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HEREDITARY BREAST & OVARIAN CANCER SYNDROME

The BRAC gene responsible for HBOC is present in 1/500 of the general population. It is present more often in Ashkenazi Jews (non-arab jews). It is also more common in families who have a history of breast or ovarian cancer, although most families with a history of these cancers do not have an HBOC gene. A family with male breast cancer or a family member less than 50-years-old with one of those cancers is more likely to have the gene.

IF you have the gene, your chance of breast cancer is increased:
50% by age 50 vs. 2% in the general population
90% by age 70 vs. 8% in the general population

Also, your risk of ovarian cancer is increased to 45% by age 70. Ovarian cancer is fatal 95% of the time. Men with the HBOC gene have an increased risk of male breast cancer and a risk of prostate cancer which is increased to 20%.

If someone in the family has the gene, it means one of her or his parents has the gene. All brothers and sisters of the person having the gene have a 50% chance of having it. Children of someone with the gene have a 50% chance of inheriting the gene.

Women with the gene need their ovaries removed once they are done having children as the risk of death from ovarian cancer is 95%. They may consider whether they want removal of both breasts, with or without reconstruction. If not, they need breast exams 2 to 4 times per year. They also need an MRI and mammograms yearly.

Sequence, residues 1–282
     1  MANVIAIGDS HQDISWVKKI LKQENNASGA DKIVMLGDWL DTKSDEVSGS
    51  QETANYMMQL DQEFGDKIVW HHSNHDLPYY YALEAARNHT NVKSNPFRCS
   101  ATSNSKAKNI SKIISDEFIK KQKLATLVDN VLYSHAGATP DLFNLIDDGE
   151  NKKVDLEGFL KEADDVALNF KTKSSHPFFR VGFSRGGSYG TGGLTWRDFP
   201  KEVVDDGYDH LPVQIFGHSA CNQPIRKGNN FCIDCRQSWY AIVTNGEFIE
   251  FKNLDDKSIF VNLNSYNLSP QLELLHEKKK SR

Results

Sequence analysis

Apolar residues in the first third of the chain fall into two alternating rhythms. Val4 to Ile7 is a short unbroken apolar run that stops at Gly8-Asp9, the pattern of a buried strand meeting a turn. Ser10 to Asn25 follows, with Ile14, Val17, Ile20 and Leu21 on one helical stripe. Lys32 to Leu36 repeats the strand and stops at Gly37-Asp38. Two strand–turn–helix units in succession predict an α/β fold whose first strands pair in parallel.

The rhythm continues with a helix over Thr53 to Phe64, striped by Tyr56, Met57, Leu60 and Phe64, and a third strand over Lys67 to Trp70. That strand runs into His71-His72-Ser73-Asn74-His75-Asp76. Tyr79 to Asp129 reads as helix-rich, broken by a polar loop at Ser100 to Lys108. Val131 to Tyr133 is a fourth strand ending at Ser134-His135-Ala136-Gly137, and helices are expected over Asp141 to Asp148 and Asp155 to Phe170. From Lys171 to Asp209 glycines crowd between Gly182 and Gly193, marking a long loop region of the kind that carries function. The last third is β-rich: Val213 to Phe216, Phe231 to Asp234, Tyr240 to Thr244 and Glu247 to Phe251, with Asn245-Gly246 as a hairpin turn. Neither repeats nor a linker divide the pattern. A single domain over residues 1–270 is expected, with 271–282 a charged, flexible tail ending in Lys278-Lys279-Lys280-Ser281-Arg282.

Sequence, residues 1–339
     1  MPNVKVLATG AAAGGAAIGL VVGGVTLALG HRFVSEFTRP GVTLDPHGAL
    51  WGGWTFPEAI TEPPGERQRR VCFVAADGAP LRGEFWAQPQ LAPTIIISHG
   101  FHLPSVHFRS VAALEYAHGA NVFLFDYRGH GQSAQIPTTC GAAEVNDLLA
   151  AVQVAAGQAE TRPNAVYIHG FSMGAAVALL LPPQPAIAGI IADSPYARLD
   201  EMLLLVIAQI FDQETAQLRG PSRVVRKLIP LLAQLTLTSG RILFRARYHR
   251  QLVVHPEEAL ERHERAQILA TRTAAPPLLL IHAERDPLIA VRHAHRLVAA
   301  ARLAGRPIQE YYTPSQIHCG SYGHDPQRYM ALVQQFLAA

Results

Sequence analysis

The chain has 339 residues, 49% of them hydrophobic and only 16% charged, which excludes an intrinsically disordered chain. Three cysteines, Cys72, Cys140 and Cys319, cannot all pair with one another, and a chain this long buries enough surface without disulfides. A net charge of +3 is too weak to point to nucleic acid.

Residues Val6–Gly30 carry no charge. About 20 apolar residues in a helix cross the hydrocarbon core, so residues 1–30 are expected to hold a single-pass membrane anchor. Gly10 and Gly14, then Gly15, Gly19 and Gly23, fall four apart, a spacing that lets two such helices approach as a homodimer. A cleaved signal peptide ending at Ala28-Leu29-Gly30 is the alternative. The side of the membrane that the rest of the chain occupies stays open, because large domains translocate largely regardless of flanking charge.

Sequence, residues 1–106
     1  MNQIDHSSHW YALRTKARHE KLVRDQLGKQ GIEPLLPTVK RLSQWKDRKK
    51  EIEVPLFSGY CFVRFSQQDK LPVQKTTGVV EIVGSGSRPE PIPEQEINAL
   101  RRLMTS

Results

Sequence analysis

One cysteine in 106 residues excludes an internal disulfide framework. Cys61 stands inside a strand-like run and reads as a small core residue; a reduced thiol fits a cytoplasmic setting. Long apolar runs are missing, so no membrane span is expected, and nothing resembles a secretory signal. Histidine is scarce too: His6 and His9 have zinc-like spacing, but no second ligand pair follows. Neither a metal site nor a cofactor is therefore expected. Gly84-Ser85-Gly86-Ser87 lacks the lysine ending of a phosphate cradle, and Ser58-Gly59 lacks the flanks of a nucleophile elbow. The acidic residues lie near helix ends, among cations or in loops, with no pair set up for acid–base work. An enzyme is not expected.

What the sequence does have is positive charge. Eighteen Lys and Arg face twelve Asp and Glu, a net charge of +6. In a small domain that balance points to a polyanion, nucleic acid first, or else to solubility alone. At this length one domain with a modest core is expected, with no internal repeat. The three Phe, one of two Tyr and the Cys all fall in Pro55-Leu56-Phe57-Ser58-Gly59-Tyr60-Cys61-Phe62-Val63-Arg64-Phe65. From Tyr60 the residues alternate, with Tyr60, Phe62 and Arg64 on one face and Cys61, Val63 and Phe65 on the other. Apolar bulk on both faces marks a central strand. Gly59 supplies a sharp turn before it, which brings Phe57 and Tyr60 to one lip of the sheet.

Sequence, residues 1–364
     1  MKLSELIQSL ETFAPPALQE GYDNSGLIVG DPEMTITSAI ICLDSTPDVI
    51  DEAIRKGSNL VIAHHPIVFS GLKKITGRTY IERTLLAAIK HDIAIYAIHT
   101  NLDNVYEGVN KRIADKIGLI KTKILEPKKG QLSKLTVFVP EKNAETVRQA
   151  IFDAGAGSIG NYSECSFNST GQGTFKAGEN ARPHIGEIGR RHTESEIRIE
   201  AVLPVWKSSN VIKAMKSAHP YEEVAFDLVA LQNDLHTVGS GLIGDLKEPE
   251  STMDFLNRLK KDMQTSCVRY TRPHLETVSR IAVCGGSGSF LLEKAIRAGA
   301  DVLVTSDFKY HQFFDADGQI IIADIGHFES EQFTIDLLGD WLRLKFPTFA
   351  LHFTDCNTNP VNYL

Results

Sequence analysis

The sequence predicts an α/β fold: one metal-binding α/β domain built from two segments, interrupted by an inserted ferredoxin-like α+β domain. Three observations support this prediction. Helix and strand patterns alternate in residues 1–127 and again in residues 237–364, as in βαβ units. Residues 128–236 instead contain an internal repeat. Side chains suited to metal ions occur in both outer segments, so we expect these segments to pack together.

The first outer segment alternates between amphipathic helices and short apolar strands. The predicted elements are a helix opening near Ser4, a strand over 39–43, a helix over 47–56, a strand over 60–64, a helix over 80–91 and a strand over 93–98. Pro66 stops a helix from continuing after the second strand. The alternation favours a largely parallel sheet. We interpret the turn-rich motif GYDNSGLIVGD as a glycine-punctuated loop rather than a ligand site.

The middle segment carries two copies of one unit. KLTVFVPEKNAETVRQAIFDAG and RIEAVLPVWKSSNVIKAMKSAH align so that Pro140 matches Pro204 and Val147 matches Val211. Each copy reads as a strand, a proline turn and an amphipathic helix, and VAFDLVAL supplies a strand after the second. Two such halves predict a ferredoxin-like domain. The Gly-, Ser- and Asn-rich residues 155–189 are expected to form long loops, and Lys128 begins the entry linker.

LYNCH SYNDROME

Lynch Syndrome is another hereditary cancer syndrome present in about 1/300-500 people. It is associated with multiple cancers: the two cancers it causes most of the time are colon and endometrial (lining of the uterus) cancers. It is present more often in Eskimos as well as families who have a history of these two cancers.

IF you have the genes (Colaris or My Risk test) , your chance of colon cancer is 82% and your risk of uterine cancer is 70%. Ovarian and stomach cancers are present 13% of the time, and there is an increased risk of certain types of kidney cancer.

If someone in the family has the gene, it means one of her or his parents has the gene. All brothers and sisters of the person having the gene have a 50% chance of having it. Children of someone with the gene have a 50% chance of inheriting the gene.

Women with the gene need their uterus and ovaries removed once they are done having children as the risk of death from ovarian cancer is 95%. People with the syndrome also need regular colonoscopies, every 1-2 years.

TESTING
Myriad’s BRAC and Colaris tests are best because they use a data bank based on their clinical research rather than a public data bank which anyone can alter and is not as accurate. Myriad will also contact your doctor if new research identifies a new mutation that changes the outcome of a test done even years ago.